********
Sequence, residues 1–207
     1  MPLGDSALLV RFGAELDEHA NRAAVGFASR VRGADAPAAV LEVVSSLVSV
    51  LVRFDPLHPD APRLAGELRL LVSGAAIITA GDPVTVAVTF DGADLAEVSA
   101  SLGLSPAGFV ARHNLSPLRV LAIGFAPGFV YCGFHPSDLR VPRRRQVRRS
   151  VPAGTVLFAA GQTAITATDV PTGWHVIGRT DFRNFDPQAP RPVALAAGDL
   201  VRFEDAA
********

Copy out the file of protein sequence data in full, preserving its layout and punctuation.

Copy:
Sequence, residues 1–207
     1  MPLGDSALLV RFGAELDEHA NRAAVGFASR VRGADAPAAV LEVVSSLVSV
    51  LVRFDPLHPD APRLAGELRL LVSGAAIITA GDPVTVAVTF DGADLAEVSA
   101  SLGLSPAGFV ARHNLSPLRV LAIGFAPGFV YCGFHPSDLR VPRRRQVRRS
   151  VPAGTVLFAA GQTAITATDV PTGWHVIGRT DFRNFDPQAP RPVALAAGDL
   201  VRFEDAA